U.S. Attorney General Eric Holder’s appointment of federal prosecutors to investigate intelligence leaks on cyberattacks and drone strikes is a good start for a probe that must be kept nonpartisan, two key lawmakers said.
Senator Dianne Feinstein, the California Democrat who leads the Select Committee on Intelligence, and Representative Mike Rogers, the Michigan Republican who heads a similarly named House panel, discussed the leaks and Holder’s decision yesterday during an interview on CBS’s “Face the Nation.”
Republicans have claimed that President Barack Obama’s administration provided information for news reports about an alleged U.S. cyberattack on Iran’s nuclear program, a thwarted bomb plot by al-Qaeda’s Yemen affiliate and the president’s personal role in approving a drone “kill list” to burnish his national-security credentials ahead of the November election. Obama has denied that White House officials leaked classified information, calling the notion they would do so “offensive.”
Rogers questioned whether the two prosecutors appointed by Holder could adequately investigate the “parade of leaks” when people involved may be in the executive branch, Defense Department, Federal Bureau of Investigation or the Attorney General’s office.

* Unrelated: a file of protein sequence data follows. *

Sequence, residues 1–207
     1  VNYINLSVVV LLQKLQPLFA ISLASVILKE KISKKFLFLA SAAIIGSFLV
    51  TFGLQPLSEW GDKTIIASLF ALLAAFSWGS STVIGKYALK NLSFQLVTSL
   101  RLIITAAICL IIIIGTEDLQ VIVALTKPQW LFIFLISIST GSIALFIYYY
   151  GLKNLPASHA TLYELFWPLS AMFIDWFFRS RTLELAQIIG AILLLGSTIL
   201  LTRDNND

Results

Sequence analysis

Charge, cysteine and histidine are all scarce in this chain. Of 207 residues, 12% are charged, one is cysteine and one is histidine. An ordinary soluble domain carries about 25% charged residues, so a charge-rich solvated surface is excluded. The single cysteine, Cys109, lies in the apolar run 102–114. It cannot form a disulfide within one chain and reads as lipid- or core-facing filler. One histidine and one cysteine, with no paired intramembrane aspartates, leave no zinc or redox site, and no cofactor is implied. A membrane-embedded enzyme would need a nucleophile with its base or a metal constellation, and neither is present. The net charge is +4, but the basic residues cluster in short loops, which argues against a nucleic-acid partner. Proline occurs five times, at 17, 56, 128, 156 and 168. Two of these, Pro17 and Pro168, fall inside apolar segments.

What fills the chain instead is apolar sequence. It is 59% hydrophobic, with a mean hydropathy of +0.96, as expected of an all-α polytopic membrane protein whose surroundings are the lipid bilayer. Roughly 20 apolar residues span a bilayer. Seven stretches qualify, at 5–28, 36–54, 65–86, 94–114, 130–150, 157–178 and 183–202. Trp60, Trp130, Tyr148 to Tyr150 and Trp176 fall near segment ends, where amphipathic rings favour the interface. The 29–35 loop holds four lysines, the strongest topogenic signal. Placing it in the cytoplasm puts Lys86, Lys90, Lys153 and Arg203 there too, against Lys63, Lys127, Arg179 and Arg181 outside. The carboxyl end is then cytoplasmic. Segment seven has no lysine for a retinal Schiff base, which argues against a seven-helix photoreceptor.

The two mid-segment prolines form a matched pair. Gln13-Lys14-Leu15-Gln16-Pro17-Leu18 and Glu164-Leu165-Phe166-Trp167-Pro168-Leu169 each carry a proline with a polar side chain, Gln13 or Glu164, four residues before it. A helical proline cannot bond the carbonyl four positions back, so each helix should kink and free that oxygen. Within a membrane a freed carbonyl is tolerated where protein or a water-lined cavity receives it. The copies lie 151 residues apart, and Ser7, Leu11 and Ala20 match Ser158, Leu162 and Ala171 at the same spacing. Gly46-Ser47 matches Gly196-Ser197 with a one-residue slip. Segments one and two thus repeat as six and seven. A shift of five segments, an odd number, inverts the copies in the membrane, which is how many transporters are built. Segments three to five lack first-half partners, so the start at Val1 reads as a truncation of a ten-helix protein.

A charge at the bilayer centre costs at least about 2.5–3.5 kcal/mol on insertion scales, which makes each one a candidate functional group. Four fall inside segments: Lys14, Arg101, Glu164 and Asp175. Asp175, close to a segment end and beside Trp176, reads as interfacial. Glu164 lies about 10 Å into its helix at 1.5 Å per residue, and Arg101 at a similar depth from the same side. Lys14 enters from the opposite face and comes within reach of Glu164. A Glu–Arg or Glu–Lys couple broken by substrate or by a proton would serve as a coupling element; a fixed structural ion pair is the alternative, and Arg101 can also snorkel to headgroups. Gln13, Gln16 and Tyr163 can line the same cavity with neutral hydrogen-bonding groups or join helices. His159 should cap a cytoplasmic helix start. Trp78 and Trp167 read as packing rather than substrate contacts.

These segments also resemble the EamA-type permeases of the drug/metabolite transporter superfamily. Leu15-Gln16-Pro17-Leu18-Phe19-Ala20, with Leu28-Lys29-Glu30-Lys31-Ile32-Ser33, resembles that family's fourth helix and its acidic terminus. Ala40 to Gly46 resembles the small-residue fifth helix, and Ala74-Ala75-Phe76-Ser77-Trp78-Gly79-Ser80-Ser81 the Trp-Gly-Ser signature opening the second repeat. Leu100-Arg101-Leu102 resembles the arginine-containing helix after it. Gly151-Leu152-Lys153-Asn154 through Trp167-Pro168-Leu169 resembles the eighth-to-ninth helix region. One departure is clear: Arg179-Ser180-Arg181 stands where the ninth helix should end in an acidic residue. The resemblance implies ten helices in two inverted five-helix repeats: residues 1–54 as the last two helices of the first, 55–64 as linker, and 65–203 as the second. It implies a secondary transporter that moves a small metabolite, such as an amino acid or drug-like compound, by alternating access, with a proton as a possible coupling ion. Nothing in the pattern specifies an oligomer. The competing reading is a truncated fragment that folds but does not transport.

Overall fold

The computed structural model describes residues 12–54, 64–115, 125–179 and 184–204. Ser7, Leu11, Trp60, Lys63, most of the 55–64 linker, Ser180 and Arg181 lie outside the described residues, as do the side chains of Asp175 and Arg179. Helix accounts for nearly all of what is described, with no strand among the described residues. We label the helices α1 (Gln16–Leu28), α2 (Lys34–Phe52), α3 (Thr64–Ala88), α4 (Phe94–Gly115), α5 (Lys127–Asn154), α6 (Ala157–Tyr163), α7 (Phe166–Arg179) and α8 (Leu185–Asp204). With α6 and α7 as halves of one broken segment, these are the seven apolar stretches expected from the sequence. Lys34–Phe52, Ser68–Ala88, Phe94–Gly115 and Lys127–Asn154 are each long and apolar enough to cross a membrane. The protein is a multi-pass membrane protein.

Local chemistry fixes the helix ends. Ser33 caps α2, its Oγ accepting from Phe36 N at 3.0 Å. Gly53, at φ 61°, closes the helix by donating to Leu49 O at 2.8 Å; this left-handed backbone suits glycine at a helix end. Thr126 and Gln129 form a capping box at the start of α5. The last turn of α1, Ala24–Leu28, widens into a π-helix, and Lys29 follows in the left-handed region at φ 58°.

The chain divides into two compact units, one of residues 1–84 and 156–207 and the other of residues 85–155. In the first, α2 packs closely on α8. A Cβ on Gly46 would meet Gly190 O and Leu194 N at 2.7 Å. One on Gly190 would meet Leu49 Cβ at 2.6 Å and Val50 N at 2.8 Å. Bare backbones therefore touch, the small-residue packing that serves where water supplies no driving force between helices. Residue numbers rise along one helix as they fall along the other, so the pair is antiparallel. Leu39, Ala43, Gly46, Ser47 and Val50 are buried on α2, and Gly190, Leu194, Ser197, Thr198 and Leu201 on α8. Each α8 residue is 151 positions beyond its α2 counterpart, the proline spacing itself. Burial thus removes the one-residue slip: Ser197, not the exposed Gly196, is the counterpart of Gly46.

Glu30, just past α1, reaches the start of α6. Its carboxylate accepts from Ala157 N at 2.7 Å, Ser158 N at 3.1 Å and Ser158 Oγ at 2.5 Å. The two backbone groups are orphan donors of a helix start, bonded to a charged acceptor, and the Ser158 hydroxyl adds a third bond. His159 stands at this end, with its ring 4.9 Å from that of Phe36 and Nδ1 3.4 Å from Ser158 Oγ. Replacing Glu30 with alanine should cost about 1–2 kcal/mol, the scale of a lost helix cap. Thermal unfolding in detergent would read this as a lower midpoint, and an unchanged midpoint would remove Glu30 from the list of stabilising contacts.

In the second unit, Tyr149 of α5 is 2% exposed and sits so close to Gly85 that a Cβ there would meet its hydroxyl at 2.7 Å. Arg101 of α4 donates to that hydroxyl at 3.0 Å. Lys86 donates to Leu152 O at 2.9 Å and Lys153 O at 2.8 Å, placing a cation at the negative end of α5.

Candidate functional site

“That’s a pretty small but pretty important group of people, and so my question to the attorney general is, good start, maybe, but we need to find out if they’ll have that independence,” Rogers said on CBS. “And this needs to be fair, it shouldn’t be a partisan thing.”
Senator John McCain, the Arizona Republican who was defeated by Obama in the 2008 presidential election, has called for an independent special counsel to look into the disclosures.
“It’s obvious on its face that this information came from individuals who are with the administration,” McCain told CNN’s “State of the Union” program. “The president might not have done it himself, but the president is certainly responsible as commander in chief.”
The FBI is investigating the leaks. The Central Intelligence Agency has denied Rogers’ committee’s request for information.
Holder named Ronald C. Machen Jr., U.S. attorney for the District of Columbia, and Rod Rosenstein, U.S. attorney for Maryland, to investigate the leaks.
David Axelrod, Obama’s top campaign strategist, told CNN’s “State of the Union” that he’s been careful not to give Holder political advice to avoid appearing to exert influence over the Justice Department.
“So, I was very scrupulous about my interactions with the attorney general, though he’s a friend,” Axelrod said.